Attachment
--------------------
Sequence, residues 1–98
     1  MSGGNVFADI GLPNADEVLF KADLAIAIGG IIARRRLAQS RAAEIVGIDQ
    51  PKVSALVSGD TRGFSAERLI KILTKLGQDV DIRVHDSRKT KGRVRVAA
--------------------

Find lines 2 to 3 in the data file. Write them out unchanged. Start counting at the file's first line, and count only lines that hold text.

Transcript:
     1  MSGGNVFADI GLPNADEVLF KADLAIAIGG IIARRRLAQS RAAEIVGIDQ
    51  PKVSALVSGD TRGFSAERLI KILTKLGQDV DIRVHDSRKT KGRVRVAA